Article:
on Feb 5, 2007
When the book was new I coaxed and hinted around, hoping someone would write a review of the thing. (In an act of hubris, I tried to get a Slashdot review. Now I’m glad that didn’t happen. I’d have gotten savaged.) Writing fiction without an editor is a bit like working without a net: If I screw up, there isn’t anyone to keep me from making a fool of myself. I think most authors want a (positive) review that will entice readers to read their work. I wanted a review so I could get some objective analysis of what worked and what didn’t. Even five years later, I’m still grateful when someone is kind enough to email or post their thoughts once they finish the book.
And now I am going to do something unseemly. I am going to respond by reviewing my own book.
Maybe not review in the sense of “a critique” so much as review in the sense of “revisit and look back on”.
Like a lot of my other work, I have a love / hate relationship with the book. When I finished it I was quite proud of myself. Hey! I wrote a whole book! All by my lonesome! And spelled most of it right. Sometimes. Then later I re-read it and was so ashamed that I wanted to take it down. Then I let it stew for another couple of years before making substantive revisions.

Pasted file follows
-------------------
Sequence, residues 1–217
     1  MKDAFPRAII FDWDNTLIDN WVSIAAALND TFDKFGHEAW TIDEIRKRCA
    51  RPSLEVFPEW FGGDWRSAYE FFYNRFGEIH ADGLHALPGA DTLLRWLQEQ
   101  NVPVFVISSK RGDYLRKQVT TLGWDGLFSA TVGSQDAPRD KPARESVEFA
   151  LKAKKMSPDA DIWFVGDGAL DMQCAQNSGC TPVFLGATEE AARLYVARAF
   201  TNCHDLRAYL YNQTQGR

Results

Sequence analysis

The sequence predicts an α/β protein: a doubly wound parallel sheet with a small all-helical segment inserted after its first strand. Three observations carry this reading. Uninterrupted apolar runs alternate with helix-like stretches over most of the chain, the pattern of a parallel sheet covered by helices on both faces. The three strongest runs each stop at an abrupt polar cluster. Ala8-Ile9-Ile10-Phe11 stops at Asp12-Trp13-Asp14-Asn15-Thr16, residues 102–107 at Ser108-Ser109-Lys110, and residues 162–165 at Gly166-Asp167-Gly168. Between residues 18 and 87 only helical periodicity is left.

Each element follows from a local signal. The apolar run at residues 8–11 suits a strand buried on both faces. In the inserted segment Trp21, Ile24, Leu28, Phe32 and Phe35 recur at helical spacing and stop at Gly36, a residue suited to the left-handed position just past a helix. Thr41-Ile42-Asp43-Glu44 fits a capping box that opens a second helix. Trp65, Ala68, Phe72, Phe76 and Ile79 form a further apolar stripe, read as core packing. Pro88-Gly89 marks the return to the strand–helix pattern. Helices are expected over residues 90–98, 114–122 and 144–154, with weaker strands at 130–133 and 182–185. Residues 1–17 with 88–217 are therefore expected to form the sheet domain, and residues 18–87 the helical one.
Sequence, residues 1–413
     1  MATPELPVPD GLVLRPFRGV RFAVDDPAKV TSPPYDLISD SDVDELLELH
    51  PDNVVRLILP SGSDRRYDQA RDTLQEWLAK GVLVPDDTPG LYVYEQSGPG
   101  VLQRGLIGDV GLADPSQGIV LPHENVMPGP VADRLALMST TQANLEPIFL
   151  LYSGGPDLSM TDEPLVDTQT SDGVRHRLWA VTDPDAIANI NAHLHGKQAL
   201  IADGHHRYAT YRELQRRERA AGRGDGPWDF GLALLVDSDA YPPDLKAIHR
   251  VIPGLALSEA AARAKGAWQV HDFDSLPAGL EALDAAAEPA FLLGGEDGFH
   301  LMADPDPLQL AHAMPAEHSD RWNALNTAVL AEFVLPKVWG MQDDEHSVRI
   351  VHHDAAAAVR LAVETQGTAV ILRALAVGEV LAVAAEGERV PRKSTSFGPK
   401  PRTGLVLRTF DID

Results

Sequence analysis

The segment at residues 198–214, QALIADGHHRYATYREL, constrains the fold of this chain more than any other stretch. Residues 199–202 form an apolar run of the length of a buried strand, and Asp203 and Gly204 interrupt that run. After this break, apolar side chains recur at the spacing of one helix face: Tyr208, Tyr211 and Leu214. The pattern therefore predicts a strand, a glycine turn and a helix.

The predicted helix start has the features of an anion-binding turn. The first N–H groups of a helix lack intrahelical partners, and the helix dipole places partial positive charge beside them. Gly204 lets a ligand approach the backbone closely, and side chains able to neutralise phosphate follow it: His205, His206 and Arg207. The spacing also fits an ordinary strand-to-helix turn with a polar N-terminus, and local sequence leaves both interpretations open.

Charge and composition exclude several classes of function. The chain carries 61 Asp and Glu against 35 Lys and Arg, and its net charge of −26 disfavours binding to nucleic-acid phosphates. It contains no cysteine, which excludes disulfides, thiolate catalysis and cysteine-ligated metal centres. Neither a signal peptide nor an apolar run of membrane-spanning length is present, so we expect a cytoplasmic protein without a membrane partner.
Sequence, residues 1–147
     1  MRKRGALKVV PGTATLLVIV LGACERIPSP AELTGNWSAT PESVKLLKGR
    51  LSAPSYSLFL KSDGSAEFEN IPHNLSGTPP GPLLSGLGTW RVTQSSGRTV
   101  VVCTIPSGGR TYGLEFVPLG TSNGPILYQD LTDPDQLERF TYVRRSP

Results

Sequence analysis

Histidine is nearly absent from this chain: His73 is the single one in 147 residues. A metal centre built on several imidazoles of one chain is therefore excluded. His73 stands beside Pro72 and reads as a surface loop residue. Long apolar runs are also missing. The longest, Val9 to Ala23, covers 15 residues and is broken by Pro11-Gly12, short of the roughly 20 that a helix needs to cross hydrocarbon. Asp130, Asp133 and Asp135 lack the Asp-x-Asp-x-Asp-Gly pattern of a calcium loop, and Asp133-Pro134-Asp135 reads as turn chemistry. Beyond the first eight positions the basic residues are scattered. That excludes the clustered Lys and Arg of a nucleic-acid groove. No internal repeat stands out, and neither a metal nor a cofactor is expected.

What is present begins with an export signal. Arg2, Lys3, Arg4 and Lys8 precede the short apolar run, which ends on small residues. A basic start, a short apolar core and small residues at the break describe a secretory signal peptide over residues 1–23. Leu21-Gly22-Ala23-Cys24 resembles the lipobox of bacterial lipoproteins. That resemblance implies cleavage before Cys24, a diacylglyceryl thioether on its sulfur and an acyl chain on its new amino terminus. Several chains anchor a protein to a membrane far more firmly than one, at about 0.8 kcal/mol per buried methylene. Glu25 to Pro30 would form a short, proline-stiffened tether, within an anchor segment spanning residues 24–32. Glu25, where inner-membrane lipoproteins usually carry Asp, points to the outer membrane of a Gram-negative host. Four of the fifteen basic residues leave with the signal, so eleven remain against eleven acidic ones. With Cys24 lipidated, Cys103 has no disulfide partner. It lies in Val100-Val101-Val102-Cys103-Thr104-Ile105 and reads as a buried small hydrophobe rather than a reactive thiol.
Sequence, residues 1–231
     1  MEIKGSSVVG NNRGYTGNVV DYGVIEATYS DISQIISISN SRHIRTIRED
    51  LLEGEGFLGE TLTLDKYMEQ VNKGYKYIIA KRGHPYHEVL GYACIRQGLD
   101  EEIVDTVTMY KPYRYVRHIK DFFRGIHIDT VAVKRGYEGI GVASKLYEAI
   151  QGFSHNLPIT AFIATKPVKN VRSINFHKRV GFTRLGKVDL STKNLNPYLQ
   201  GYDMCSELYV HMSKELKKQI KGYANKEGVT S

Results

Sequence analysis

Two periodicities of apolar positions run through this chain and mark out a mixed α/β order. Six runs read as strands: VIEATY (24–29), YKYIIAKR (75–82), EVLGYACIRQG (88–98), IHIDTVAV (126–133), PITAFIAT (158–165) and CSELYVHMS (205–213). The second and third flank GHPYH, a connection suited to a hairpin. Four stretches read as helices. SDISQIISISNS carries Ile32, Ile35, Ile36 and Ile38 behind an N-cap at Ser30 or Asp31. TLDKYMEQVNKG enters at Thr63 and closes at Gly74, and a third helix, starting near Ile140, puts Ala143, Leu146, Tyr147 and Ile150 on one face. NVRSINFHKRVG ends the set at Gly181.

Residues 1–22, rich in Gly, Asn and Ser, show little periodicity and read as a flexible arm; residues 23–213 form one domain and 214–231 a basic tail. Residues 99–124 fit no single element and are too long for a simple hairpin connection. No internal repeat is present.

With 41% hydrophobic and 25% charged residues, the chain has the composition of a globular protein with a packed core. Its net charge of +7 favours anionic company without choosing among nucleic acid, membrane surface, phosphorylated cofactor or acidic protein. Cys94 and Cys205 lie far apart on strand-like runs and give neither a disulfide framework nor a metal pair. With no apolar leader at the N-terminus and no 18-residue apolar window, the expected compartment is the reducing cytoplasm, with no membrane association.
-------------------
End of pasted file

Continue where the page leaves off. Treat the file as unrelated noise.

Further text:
After five years, I’m finally far enough away from the work I put into it to be able to have some perspective on the thing. It’s not bad for a first effort, but some parts are sophomoric. Most of the current flaws – typos, repeated phrases, and the occasional lack of pith – is just the sort of thing that would get cleaned up if I had an editor.
I can see that the book gets better, smoother, and more articulate towards the end. Reading through it now, I can see my work improve as I learned to write. Around chapter 21 I hit my stride, and that final third of the book still holds up for me today. The middle is competent but a bit bland. The beginning is interesting but suffers from syllabic incontinence common to new writers: It would be much stronger if there were a lot less of it.
Thanks again to GP for reading. It’s nice to know the book is still attracting new readers.
Shamus Young is an old-school OpenGL programmer, author, and composer. He runs this site and if anything is broken you should probably blame him.